Check with your state's Medicaid office to learn which services Medicaid covers in your area.
It's possible for someone to be enrolled in both Medicare and Medicaid at the same time. People who are enrolled in Original Medicare (Parts A and B) and qualify for Medicaid through one of the Medicare Savings Program (MSP) eligibility groups are known as "dual eligible beneficiaries." MSPs that tie into Medicaid include:
- The Qualified Medicare Beneficiary Program (QMB), which helps to cover premiums, deductibles, coinsurance and copayments for Medicare Part A, Part B or both.
- The Specified Low-Income Medicare Beneficiary Program (SLMB), which helps to cover Medicare Part B premiums.
- The Qualifying Individual Program (QI), which helps to cover Medicare Part B premiums.
Medicare covers about 80% of a subscriber's health insurance costs. The remaining 20% must be paid out of pocket or covered by a Medigap plan. With Medicaid, these out-of-pocket expenses are subsidized, which means qualifying individuals either pay very little or nothing at all, depending on their income.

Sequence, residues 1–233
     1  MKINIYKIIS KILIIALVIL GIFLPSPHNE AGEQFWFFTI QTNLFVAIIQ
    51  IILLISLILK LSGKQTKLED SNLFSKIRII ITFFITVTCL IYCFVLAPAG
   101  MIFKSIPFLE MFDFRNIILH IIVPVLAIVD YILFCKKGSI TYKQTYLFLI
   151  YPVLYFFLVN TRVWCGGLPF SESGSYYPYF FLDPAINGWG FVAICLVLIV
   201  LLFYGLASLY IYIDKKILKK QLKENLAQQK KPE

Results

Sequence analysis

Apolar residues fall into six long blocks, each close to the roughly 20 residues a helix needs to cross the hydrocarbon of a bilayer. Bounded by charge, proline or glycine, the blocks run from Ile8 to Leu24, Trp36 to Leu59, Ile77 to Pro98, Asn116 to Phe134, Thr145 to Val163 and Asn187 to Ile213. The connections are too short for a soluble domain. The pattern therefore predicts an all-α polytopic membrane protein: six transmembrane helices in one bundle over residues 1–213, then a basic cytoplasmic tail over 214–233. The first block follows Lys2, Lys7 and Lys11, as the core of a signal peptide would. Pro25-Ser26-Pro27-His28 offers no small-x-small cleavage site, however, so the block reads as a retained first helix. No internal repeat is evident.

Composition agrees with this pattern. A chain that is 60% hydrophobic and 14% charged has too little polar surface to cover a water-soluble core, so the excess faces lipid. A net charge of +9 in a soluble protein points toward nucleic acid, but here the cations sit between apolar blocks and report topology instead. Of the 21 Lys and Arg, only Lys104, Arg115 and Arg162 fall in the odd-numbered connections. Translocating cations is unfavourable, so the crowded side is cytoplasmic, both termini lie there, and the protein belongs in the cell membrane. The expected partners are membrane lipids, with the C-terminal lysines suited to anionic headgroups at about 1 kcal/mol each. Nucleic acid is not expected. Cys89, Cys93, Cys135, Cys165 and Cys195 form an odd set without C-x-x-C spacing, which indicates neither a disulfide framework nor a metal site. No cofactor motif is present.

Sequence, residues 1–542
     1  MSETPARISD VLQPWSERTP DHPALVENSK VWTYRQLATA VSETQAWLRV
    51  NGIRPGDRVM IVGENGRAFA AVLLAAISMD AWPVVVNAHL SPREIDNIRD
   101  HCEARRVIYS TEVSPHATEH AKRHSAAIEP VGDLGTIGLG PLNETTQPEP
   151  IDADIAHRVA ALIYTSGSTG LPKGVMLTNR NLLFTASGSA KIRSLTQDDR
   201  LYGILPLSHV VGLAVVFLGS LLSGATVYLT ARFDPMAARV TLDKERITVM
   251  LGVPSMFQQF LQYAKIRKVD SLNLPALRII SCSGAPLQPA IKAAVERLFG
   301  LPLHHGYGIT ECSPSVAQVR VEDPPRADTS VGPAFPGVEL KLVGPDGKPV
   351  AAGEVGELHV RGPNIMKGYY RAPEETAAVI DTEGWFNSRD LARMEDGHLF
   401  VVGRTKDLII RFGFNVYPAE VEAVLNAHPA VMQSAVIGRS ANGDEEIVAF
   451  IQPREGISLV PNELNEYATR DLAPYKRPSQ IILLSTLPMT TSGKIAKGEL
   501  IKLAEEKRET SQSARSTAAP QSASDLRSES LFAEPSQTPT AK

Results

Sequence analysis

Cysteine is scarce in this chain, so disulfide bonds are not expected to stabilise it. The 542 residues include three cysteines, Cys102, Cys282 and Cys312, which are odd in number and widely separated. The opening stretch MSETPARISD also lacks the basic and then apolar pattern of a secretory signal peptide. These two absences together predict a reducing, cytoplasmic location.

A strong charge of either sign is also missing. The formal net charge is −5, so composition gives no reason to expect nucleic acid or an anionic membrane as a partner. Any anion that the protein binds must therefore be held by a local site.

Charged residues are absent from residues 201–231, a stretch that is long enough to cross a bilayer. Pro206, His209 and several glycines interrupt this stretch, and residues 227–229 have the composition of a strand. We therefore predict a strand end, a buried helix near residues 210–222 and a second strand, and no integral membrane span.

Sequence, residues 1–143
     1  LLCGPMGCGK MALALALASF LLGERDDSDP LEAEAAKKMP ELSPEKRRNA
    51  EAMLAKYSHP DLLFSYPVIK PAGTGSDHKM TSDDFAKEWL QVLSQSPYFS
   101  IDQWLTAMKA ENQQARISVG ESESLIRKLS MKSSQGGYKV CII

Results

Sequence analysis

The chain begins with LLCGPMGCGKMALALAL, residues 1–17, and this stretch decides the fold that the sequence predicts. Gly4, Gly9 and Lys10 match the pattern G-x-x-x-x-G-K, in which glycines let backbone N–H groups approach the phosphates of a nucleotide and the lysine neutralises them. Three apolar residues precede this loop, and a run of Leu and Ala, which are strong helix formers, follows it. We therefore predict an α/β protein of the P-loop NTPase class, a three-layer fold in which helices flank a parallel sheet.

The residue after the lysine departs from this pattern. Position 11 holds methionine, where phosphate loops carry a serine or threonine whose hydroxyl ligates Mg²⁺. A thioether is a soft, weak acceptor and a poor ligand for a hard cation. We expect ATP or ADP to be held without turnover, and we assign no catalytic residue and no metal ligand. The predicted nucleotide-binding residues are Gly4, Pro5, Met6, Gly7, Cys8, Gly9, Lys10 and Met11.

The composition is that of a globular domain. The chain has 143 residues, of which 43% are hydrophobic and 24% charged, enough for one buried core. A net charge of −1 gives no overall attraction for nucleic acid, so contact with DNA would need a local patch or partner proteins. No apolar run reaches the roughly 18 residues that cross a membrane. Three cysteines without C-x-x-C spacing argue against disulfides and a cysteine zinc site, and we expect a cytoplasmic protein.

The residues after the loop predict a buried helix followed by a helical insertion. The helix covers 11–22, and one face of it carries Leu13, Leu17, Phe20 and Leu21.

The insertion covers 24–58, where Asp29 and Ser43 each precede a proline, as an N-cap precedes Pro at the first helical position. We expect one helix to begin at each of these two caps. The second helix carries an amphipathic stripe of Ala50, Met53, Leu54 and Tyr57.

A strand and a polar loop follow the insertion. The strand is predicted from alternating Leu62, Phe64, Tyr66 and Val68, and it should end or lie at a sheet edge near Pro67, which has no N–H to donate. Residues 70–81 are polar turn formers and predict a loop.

If your income changes in retirement, it could impact whether you still qualify for Medicaid and how much of your Medicare premium is covered by Medicaid. If you have questions about this, consult with your local Medicare or Medicaid office.
Who Is Eligible for Medicaid?
To qualify for Medicaid, you must meet specific requirements. One is that you must be a U.S. citizen or Green Card holder and prove residency in your state.
Additional requirements vary by state, but federal law dictates what groups are eligible for Medicaid, including seniors, related caretakers of minor children, and people with disabilities. These people can qualify for Medicaid in any state.
Eligibility is determined by a person's income relative to the Federal Poverty Level (FPL). In general, if you and a spouse are trying to qualify for Medicaid, your joint income must be below 138% of the FPL. In 2021, the FPL for a two-person household is typically set at $17,420, but this can vary between states, so it's critical to look at the specific qualifications for where you live to ensure you fit the requirements.
Some states also offer Medically Needy programs. These programs help individuals who have higher incomes but also significant health issues. To qualify, participants must spend down the income that's above the state's standard. Spending down can mean paying for medical treatments or other care for which they don't currently have health insurance. Once a person's expenses for medical care are greater than the difference between the Medicaid income threshold and that individual's current income, they may qualify for Medicaid coverage.